The Rhythm of Family Mealtimes
Rhythm is a hot topic around here at the Art of Homeschooling! And today, I want to talk about the rhythm of family mealtimes.
So often when we start a new homeschooling year, or return after a holiday or vacation, re-establishing a smoothly flowing daily rhythm starts with anchor points during the day like mealtimes and bedtime.
Anchor points provide a framework for your daily rhythm. And are really the BEST place to start when you want to bring back balance, consistency, and connection in family life.
The flexibility that homeschooling provides can be wonderful, but also challenging when it’s time to return to or establish a daily rhythm.
Here in this episode of the podcast, I want to share some ideas and resources to support the rhythm of family mealtimes.
This post contains referral links which means I may earn a commission from products you purchase via those links at no additional cost to you. You can read my full disclosure policy here.
Anchor Points throughout Your Day
The phrase anchor points comes from the Simplicity Parenting movement.
Anchor points are simply the activities that happen naturally in your day that can anchor your daily rhythm.
We and our children ~ our families ~ benefit from the consistency and connection of anchor points throughout the day. Without anchor points, we can feel anxious, overwhelmed, or out of control. This is the “soul fever” that Kim John Payne refers to in his book, Simplicity Parenting.
The rhythm of these repeated anchor points can provide predictability, a sense of safety and stability, and freedom from stress for your family with minimal effort once you get it flowing. Rhythm helps us move through the day from one activity to the next with an ease, a flow, and a sense of calm.
Now I know that meal times aren’t always stress-free!
But there are things we can do to reduce the stress. And believe me when I tell you that it’s so worth it to make the effort. Because when you hold the value of mealtimes as important to you and your family, this sense of sacred time and connection will grow through the years.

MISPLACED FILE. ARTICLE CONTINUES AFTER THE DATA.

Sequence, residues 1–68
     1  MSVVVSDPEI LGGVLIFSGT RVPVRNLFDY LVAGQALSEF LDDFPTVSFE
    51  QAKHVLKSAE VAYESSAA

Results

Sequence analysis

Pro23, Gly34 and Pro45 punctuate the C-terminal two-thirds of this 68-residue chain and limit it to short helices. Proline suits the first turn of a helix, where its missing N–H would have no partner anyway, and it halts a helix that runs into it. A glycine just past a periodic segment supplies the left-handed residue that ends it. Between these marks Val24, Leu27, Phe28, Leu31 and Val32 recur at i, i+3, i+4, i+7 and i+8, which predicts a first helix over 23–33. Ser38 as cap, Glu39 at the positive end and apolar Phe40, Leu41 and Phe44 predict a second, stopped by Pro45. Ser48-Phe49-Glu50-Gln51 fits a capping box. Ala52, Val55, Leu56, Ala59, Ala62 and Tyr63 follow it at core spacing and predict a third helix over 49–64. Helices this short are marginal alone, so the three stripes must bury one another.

When our boys were little ~ and keep in mind that they’re just 16 months apart ~ our mealtimes would devolve rather quickly into whining, squirming, or even arguing. I remember a time when I thought that 10 or 15 minutes at the dinner table was a win!
But I didn’t give up. And that length of time around the table grew. We even reached a point where everyone in the family played a role in preparing to eat together ~ setting the table, making the food, lighting a candle, leading a blessing, clearing the table, and washing the dishes. With everyone pitching in, we built up a sense of creating this ritual of mealtimes together.
By the time my oldest was in college ~ and he went to school nearby ~ our house had become the place for his 20-something friends to come for dinner and holiday meals. What a joy it was to sit around the table with these interesting young adults to share food and talk for hours.
And here’s something that’s still true for me today: whenever I go through a crazy season, or the holidays are over, or when the end of summer arrives, the place I always start in order to get things back on track is with the rhythm of mealtimes.
Even though it’s only Brian and me nowadays, I still do some meal planning, clean out the fridge, buy new candles for the table, and make an effort to get back to having healthy and regular mealtimes if our healthy habits have slipped during a busy season or holidays.
While I’ve always honored dinnertime as a special family gathering, I wasn’t always inspired or organized with what to make for the meal after a day of homeschooling with three kiddos.